Why Donald Trump Will Succeed as a “Know Nothing” Candidate

At the Constitutional Convention in Philadelphia during the summer of 1787, America’s founding fathers wrestled with how our young nation would govern itself. Those deliberations – shaped by political intrigue and diverse personal agendas – included creation of the government’s executive branch.

The world has changed dramatically since 1787, but the roles and responsibilities of the nation’s chief executive have remained the same.

Over the past 228 years, the nation has grown from 13 colonies with under 4 million people, to 50 states and nearly 323 million citizens.  War was waged with muskets and cannons at close range targets; today drones and laser-guided missiles take out enemies on the other side of the world. The federal government employed 1,000 nonmilitary workers; today we have nearly 3 million federal employees in 15 departments, 69 agencies and 383 nonmilitary sub-agencies. News and information often took days and weeks to reach the first president; now it’s delivered almost as it happens, and Americans expect immediate solutions from its chief executive.

In a world that Jefferson, Adams and Hamilton would no longer recognize, America has outgrown the office of the presidency they designed.

In 2015, no single individual – regardless of experience, I.Q. or political savvy – is capable of understanding and managing effectively the nation’s complex domestic and foreign affairs, while simultaneously acting as its commander-in-chief, cheerleader, comforter and ceremonial leader. The traditional role of the American president, modeled in part after the British monarchy, is an anachronism.

Into this moment in American history – where the president’s job is far too vast and its citizenry increasingly frustrated with Washington’s lack of results or accountability – enters the bombastic Donald Trump: an established worldwide brand name carefully crafted to be associated with financial success and getting deals done. He’s a man long on politically incorrect opinions and short on details behind his ideas, whose greatest gift involves saying what many people are only thinking.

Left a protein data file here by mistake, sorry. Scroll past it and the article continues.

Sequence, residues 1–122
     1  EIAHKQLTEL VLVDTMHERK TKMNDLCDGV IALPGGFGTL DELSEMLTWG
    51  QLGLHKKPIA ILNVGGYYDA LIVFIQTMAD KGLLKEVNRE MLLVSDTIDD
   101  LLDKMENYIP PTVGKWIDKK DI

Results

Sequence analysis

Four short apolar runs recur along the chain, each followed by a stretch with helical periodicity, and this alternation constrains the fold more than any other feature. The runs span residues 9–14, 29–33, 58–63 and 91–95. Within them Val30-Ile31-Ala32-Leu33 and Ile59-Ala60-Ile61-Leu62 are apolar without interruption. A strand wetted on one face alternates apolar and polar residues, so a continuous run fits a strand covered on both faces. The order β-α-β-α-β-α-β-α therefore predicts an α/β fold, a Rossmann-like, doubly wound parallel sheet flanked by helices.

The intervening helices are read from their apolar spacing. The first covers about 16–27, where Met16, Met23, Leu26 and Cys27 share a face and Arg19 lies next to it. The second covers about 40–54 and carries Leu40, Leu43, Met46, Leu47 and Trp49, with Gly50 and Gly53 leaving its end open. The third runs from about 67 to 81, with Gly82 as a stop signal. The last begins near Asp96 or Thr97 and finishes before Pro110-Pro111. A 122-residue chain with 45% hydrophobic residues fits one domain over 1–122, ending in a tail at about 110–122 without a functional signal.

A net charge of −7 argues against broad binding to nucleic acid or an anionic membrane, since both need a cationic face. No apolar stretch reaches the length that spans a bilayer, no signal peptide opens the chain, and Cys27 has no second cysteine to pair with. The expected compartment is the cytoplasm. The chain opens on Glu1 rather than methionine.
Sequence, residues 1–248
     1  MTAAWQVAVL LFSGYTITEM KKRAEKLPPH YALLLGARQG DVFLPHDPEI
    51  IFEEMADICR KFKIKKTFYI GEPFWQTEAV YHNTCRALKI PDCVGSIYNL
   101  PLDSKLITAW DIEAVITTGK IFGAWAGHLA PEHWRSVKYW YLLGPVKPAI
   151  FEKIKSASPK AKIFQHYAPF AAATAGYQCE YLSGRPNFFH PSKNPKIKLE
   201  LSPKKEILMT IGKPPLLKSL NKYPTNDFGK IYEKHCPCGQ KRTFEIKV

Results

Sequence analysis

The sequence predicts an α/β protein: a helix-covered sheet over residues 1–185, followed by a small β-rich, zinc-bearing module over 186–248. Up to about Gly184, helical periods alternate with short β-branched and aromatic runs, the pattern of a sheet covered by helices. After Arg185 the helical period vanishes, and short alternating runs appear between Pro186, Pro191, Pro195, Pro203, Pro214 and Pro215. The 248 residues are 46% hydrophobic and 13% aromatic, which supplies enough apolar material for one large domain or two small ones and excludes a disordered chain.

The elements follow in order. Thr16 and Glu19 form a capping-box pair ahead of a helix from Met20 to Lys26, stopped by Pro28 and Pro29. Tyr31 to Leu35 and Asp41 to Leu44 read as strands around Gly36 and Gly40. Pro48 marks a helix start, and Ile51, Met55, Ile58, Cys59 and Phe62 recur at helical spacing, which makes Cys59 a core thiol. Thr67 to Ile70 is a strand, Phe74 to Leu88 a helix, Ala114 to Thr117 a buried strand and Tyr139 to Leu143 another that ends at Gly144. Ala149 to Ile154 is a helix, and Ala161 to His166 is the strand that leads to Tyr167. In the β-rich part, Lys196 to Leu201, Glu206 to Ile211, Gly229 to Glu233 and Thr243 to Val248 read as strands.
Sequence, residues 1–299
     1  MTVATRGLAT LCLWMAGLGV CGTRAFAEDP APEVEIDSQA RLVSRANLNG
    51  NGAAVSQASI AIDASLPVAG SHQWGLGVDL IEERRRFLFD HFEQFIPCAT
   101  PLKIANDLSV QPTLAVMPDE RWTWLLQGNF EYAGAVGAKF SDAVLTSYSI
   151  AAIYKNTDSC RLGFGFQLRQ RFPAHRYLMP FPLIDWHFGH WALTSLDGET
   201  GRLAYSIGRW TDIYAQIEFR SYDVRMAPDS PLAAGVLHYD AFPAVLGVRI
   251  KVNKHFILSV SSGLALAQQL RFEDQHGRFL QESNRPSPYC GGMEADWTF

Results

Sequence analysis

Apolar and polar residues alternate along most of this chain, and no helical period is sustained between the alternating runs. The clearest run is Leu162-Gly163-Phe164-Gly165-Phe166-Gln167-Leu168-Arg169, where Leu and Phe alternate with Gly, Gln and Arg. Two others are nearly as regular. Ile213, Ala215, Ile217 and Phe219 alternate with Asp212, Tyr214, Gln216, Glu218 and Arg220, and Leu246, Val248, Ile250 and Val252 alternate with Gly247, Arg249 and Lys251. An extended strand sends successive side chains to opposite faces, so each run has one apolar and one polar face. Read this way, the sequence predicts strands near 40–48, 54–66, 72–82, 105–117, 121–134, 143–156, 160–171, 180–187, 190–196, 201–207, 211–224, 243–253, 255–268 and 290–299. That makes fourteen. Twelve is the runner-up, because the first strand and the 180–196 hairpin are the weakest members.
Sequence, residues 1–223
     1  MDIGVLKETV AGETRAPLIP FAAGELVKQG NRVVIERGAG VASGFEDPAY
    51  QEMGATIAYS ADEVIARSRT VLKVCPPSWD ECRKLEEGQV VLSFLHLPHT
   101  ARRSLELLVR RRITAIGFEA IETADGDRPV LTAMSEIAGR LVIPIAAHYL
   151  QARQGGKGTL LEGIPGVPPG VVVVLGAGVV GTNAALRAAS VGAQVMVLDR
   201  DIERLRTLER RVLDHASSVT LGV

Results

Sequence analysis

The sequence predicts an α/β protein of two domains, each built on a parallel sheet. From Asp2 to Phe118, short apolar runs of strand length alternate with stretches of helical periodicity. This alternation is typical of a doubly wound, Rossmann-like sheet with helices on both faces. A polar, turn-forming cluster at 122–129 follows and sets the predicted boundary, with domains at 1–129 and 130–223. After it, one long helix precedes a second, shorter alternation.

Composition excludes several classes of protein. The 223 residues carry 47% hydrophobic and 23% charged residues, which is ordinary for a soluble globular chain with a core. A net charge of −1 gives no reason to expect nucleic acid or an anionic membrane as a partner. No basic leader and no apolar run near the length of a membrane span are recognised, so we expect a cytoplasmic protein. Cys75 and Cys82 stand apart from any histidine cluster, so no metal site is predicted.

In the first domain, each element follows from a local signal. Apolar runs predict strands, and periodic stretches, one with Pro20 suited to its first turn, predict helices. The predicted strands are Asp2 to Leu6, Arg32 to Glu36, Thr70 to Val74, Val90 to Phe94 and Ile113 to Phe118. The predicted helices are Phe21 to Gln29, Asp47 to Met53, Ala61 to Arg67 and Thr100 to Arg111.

Mainstream Republicans and other detractors waiting for the Trump juggernaut to implode when the presidential campaign enters its “explain your political platform” phase are certain to be disappointed.  Facts and details will not be the Achilles Heel of the man in the empty $5,000 suit. Americans already understand that the Trump brand may be built on smoke and mirrors, but they don’t care about his plans or details because of politicians’ broken promises in the past. The political system’s failure has legitimized Trump’s candidacy.

When it’s time to show his cards, Trump’s political platform will be simple, straightforward and consistent with his brand positioning.  To avoid details and deflect criticism, his campaign strategy will be built largely on promises to appoint to key positions the nation’s “best and brightest” people – an action-oriented team of advisors and doers, rather than self-interested career bureaucrats.  Weaned on a decade of The Apprentice on television, Americans will believe that The Donald can find the right people to affect change, and if those lieutenants fail…they’ll be fired and replaced. That’s the type of hard-nosed decision-making and accountability that voters hunger for in a chief executive, whether it’s in a TV show, a company or a nation. And Trump’s campaign strategy will resonate with voters from all walks of life.

The concept of Donald Trump as president is disconcerting for many Americans. But he will remain a viable candidate not only because the executive branch of government has far too much on its plate to ever succeed, but also because the distinctions between entertainment and reality in all aspects of American culture continue to be blurred. Trump may be a cartoon character, but his historical timing is perfect, and his political instincts are formidable and underestimated.

Lacking any rival candidate from either party who can inspire the populace on a visceral level and who can provide a credible alternative to business-as-usual politics, America may very well end up with Donald Trump as its first “know-nothing” president, whose skills are managerial rather than intellectual.  In electing Trump, Americans will fundamentally change the role of the presidency by proxy rather than constitutional amendment, because our form of government established in 1787, however outdated, will always be considered as sacrosanct as the Bible.

The impact of Donald Trump as an American president will likely bring even greater disruption to the nation’s political infrastructure. After changing the dynamics of the office of the president, the next target of American voters will be the legislative branch of government.  That’s what Trump’s political opponents may fear the most.

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